Before knowing about the Dirty price, we have to know about some basic terminology. Let’s look into that –

Dirty Price Explained


When a private company starts an entrepreneurial business or wants to enlarge the boundary or government takes an initiative, they need a certain amount of start-up money. For this money, when a man or the bank lends money for a definite time, it is known as investment.


Why would anyone give anyone money without any profit reason? But, if you borrow money from him for some time, and when you giving back that money, you gave some extra money, then definitely they will lend you money.

Let us assume, I give you $1000 for 1 year. The condition is, after 1 year, you have to give me back $1100. So, interest for 1 year is 10%.


To know about the dirty price, the essential term is a bond. As we discussed earlier that there are two ways to borrow money.

When a company decides to borrow money from people instead of a bank, they sell bonds. One can buy one or more than one bond as per ability.

Let’s say, a company needs 5 million dollars to expand its business. Now, they can make 5000 bonds each of 1000 dollars with an annual coupon of 10%. Simply, each year the bondholders will get 100 dollars as the interest and after maturity, they also get back the lended money or we can say the principal amount. So, the next question is what is maturity?


Maturity simply denotes the longevity of a bond. That is, for how many months or years, the bond will be applicable.

Note: Bond’s maturity can be any number of years

If the maturity of the aforementioned bond is two years, that means for two years, the lender will get 10% interest on 1000 dollars (i.e. 100 dollars annually) and after two years the company has to give back the original amount to the lender or the bondholder.

Now as the terms are clear we can finally know the meaning of Dirty price.

What is Dirty price

The dirty price is a bond pricing quote, which refers to the cost of a bond that includes accrued interest based on the coupon rate. If a bond quotes between coupon payment dates, the price cited includes accrued interest up to the day of the quote.

The interest increases at a steady rate on a bond and calculation of the earned amount happen each day. As a result, the dirty price will change daily until the payout, or coupon payment date.
The dirty price compensates the seller for the accrued interest he’s earned but not yet received.

Let’s know about Accrued Interest

In the financial world, it might happen that a bondholder sells his/her bond to another one in between the period. It that case, the previous holder must be paid the interest that accrued (accumulated) prior to the sale.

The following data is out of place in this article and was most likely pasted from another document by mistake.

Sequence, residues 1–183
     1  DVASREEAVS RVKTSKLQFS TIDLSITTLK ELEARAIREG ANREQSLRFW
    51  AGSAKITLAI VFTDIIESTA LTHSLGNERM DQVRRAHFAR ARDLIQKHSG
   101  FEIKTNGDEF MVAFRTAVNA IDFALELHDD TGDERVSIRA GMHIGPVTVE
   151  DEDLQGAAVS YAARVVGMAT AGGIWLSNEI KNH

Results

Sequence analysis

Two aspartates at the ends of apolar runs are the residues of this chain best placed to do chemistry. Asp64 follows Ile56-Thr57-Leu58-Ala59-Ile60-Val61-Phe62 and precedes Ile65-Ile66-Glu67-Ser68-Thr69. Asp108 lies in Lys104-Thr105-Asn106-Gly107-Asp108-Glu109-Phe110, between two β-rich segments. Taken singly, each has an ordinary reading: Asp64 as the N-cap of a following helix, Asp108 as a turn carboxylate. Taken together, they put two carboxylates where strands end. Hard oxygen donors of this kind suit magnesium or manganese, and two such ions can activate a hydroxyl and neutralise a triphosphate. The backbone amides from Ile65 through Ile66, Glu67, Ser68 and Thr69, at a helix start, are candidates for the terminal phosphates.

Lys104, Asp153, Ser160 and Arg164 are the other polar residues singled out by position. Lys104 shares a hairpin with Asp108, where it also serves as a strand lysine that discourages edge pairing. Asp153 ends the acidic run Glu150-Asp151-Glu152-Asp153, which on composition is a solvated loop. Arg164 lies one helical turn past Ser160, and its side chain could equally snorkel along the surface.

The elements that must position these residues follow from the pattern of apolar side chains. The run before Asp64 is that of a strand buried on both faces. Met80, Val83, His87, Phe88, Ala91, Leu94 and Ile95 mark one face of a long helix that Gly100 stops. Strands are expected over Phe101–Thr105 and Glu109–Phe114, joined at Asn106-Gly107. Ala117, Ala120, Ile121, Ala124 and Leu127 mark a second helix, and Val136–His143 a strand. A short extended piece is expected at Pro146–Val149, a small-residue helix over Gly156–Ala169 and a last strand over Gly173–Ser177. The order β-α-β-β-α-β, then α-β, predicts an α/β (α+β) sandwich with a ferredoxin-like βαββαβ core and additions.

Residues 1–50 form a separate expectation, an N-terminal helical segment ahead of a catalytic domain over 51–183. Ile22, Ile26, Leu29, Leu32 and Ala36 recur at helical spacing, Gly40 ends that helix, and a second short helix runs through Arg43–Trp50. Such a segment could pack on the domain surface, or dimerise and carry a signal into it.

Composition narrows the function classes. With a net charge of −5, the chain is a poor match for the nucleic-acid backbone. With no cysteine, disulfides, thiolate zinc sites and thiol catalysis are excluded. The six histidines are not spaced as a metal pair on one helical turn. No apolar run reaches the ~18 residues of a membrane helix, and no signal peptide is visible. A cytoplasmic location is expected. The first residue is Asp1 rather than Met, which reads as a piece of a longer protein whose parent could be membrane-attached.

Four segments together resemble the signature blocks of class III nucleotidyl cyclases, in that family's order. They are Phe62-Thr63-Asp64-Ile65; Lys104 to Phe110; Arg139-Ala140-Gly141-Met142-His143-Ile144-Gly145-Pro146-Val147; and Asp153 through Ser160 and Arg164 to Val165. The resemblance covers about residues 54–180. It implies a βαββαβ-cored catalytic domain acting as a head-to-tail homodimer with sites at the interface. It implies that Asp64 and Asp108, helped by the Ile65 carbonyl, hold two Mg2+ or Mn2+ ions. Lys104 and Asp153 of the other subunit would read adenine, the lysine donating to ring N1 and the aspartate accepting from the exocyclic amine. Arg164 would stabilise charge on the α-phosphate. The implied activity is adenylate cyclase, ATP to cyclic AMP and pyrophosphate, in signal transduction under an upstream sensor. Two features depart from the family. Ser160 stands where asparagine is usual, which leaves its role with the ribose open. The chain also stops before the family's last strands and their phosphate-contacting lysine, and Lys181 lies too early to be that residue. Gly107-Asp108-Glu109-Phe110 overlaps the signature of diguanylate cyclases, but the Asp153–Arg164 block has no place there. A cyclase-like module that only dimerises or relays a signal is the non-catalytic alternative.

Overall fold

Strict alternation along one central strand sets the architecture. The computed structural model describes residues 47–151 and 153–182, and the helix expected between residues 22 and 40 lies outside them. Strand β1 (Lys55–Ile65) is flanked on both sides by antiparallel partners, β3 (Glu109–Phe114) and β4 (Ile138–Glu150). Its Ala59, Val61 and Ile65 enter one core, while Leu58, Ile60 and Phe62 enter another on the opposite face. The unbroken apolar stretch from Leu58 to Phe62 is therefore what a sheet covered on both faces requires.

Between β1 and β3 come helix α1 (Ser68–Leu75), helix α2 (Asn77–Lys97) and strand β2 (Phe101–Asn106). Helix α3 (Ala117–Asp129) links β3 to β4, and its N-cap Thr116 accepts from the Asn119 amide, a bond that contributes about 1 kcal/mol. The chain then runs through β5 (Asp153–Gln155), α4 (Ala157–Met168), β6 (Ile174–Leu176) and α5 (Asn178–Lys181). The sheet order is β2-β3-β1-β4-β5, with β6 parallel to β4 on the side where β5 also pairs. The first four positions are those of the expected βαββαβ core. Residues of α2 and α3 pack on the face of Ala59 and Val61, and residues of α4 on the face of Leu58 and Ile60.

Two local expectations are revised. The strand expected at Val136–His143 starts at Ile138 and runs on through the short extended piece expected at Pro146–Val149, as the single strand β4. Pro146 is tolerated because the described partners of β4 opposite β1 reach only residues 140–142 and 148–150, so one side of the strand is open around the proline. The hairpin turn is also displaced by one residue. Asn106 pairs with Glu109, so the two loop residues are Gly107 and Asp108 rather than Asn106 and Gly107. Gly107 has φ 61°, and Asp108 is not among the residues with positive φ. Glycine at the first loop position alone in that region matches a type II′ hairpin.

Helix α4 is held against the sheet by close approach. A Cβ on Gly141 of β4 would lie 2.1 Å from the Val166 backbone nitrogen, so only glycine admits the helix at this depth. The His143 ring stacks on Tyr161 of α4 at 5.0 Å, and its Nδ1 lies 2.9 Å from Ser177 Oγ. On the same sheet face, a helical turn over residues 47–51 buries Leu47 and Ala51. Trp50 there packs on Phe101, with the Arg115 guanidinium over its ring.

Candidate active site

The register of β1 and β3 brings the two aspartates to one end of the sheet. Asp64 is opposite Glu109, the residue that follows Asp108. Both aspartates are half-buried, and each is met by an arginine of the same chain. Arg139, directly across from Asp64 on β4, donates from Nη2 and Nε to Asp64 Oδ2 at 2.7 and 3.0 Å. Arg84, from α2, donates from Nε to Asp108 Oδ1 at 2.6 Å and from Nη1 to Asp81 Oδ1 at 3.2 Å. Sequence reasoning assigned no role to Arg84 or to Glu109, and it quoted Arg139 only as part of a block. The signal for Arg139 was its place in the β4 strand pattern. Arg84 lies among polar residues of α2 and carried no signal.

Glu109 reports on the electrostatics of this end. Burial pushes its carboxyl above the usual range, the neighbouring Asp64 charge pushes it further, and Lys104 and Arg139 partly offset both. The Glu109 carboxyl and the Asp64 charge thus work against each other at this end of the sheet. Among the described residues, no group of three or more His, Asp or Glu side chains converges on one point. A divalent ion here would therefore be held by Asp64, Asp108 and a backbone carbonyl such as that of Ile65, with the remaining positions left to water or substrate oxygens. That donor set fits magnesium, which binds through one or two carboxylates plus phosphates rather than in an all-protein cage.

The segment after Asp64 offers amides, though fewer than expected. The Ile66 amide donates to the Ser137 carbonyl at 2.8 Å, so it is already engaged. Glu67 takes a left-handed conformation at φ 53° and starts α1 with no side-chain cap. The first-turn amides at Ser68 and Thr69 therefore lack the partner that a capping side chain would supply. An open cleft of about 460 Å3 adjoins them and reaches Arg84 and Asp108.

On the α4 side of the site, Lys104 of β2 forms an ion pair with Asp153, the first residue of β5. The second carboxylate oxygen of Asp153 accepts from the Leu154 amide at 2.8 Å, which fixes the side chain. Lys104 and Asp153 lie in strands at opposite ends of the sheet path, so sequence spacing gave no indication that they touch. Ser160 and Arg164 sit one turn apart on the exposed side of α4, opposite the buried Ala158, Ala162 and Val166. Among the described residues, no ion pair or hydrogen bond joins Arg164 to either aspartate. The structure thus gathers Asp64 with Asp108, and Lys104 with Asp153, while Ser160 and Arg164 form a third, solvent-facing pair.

Accrued interest is the amount which has been incurred, as of a specific date, on a loan or other financial obligation but has not yet been paid out.

In the case of bonds offering semi-annual payments, the dirty price would rise slightly higher every day over the course of six months. Once the six-month mark arrives, and the coupon payment is made, the accrued interest resets to zero to begin the cycle again.

The dirty-to-clean process continues until the bond reaches maturity.

So, as a conclusion, we can say, dirty price is the amount which includes both the principal amount and the allotted interest on that amount.

Dirty price V/s Clean price

The clean price is the amount excluding any type of interest.

  • The clean price is the price of a coupon bond not including accrued interest.
  • Clean quotes are typical in the United States, and dirty quotes are standard in Europe.
  • Once the pay-out is complete, and the accrued interest resets to zero, the dirty and clean prices are the same.

In a mathematical formula, we can easily understand –

Dirty price= Clean price + Accrued interest
Clean price = Dirty price – Accrued interest
Accrued interest = Dirty price – Clean price

Example of Dirty Price

Q. A corporate bond has a price of 97.534, a $1,000 par value and a 6 percent annual coupon rate. Assume it’s been 15 days since its last interest payment.

Ans. Divide 97.534 by 100 to get 0.97534. Multiply 0.97534 by $1,000 to get a clean price of $975.34. Multiply the bond’s annual coupon rate by its face value to figure its annual coupon or interest payment. Multiply 6%, or 0.06, by $1,000 to get $60 in annual interest.

Divide 15 by 360 to get 0.0417. Multiply the result by the annual interest payment to determine the accrued interest. In this example, multiply 0.0417 by $60 to get $2.50 in accrued interest.

Add accrued interest to the bond’s clean price to calculate its dirty price. Concluding the example, add $2.50 and $975.34 to get a dirty price of $977.84.

Final Words

Both Clean price and the dirty price has its significance in the financial market and none of them can be ignored.

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